Death in Mud Lick demonstrates how important local journalism is in holding those in power accountable and asks us to consider the consequences of ignoring accountability. Of course, there are many factors at play in the opioid epidemic, but when each player deflects blame to all of the others, people die. While the distributors pumped millions of pills into the country, they saw what opioids were doing to Americans; they saw thousands of overdoses and child abuse cases increase; they saw hard working people become addicts focused only on getting their next hit. 

Eyre shows how it’s easy and appealing to blame the victims—to moralize the person who actually pops the pill, to say they knew what they were doing or that addiction is solely their fault. That’s certainly what distributors and pharmacists said. It’s also what lawmakers said. Eyre describes how, after a court victory against drug distributors, West Virginia lawmakers passed new legislation that barred people who attempted or carried out a felony from collecting monetary damages if their injuries were sustained while committing a crime. In other words, if an addict got pills illegally, they had no right to sue a distributor for wrongdoing.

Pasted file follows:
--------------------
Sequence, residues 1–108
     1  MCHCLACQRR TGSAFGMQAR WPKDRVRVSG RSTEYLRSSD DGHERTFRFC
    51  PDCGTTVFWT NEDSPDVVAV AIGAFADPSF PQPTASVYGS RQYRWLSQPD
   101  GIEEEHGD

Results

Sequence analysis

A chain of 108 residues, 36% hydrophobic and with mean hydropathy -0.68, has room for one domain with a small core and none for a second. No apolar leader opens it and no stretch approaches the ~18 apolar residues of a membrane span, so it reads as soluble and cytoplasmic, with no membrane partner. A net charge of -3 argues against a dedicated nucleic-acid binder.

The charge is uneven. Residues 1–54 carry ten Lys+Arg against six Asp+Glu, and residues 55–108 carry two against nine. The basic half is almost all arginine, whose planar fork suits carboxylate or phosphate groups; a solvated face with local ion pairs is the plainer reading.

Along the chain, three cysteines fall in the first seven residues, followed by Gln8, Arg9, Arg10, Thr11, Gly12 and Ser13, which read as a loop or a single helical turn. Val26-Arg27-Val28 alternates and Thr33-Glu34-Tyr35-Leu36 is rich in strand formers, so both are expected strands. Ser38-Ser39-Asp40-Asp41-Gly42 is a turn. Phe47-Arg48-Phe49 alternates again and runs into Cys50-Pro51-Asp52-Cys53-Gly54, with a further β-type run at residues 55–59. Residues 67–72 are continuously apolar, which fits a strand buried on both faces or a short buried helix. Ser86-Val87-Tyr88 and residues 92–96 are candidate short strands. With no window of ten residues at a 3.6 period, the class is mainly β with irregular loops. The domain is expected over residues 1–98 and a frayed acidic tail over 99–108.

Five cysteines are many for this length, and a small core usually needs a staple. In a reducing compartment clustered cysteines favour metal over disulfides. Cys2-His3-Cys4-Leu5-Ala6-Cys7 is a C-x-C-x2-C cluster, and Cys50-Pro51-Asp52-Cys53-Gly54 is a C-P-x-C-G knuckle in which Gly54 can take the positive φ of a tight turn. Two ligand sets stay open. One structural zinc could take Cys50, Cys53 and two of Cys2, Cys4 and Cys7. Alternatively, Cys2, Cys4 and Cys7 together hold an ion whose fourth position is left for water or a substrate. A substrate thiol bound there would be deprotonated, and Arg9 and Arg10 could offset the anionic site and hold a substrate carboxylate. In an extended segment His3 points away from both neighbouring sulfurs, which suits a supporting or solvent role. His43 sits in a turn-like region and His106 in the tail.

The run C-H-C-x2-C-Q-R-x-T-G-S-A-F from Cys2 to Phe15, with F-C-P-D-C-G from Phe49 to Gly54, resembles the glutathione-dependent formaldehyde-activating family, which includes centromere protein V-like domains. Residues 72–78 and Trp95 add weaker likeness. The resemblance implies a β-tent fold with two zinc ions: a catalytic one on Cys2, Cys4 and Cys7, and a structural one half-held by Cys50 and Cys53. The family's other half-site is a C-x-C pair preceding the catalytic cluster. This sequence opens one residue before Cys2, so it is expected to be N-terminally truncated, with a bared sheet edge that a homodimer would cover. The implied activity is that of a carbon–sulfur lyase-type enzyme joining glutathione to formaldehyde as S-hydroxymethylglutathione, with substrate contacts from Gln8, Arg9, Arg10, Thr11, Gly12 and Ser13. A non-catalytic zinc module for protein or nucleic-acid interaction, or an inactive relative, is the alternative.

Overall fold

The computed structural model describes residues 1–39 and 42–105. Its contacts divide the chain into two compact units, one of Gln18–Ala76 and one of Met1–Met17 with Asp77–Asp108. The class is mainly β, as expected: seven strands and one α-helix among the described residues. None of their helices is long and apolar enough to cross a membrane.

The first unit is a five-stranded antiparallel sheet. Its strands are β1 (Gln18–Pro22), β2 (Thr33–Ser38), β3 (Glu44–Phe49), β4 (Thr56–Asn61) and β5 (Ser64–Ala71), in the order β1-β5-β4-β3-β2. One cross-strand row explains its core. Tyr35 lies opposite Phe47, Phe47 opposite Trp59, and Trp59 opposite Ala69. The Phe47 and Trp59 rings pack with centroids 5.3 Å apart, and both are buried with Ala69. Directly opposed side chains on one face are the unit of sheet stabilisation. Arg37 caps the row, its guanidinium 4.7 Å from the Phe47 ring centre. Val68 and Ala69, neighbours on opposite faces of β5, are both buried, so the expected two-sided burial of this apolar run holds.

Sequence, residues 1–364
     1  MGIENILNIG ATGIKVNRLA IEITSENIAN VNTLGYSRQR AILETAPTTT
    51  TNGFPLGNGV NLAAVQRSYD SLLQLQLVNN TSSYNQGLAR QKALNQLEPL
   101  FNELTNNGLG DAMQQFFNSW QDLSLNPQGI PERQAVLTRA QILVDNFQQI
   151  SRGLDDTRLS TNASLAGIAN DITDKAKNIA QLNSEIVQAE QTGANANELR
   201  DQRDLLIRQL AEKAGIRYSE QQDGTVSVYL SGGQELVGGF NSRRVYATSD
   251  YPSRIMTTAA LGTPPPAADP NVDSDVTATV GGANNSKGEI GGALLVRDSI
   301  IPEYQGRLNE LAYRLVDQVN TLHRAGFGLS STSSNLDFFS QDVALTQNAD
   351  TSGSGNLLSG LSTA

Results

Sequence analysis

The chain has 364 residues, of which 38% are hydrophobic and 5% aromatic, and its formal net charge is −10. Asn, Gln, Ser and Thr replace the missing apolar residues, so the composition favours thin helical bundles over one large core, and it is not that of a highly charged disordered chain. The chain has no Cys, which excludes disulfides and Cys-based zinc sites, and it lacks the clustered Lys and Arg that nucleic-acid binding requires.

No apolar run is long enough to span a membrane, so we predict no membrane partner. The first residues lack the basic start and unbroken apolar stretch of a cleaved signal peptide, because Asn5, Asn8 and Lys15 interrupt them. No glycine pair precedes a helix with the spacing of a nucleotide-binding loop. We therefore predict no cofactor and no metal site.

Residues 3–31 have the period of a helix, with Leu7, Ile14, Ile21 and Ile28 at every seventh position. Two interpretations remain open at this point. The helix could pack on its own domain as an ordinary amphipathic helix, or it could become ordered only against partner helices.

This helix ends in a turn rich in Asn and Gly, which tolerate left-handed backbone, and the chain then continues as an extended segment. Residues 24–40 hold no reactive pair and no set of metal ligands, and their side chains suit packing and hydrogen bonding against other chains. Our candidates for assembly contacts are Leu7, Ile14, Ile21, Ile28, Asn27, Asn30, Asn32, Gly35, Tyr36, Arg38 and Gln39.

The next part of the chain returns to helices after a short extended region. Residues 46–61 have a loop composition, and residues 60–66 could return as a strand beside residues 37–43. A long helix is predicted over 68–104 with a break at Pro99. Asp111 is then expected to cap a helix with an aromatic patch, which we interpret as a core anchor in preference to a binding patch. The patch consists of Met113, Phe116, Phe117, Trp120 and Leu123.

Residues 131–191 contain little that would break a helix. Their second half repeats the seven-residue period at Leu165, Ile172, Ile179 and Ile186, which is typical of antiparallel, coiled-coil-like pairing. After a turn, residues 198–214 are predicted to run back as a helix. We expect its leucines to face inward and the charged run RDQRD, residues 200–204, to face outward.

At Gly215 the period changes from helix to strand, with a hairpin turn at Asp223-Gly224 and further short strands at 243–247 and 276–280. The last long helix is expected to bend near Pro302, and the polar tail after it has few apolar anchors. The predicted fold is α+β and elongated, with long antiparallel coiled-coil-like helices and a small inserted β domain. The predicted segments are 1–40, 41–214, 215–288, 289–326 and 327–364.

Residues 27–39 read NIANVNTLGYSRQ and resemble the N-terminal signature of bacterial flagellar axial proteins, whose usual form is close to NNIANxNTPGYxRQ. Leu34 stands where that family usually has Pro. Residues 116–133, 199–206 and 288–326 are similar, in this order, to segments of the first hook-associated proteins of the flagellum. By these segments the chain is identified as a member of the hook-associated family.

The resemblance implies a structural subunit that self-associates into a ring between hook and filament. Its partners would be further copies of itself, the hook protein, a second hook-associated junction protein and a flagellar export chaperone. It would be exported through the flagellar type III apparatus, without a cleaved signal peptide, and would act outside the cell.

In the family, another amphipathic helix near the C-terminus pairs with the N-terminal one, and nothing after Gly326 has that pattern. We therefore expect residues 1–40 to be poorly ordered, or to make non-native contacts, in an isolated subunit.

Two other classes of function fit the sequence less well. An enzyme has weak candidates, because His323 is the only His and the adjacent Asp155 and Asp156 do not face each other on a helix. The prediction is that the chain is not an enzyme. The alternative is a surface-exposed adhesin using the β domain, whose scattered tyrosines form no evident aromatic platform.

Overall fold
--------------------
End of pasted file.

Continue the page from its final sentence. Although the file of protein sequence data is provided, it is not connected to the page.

Regardless of how much agency you believe the victims of the opioid epidemic have, however, Eyre’s laser-focus on distributors shows that victim-blaming is ultimately a distraction from the players with real power. In the book, he uncovers the well thought-out scheme to keep blame off of the billionaires; by admonishing the morals of the people addicted to pills, distributors and manufacturers can make sure that no one is paying too much attention to the industry itself.

The takeaway isn’t that none of them are to blame, but perhaps that all of them are to blame. Eyre focused on distributors. He succeeded. But what about the other links in the chain? Corruption most certainly exists at almost every level—the DEA, manufacturers, local pharmacy boards, pharmacists, physicians and anyone who lets something slide or accepts bribes to keep quiet. It shouldn’t be a dilemma to put people above profit—and in this case, it’s quite literally life and death.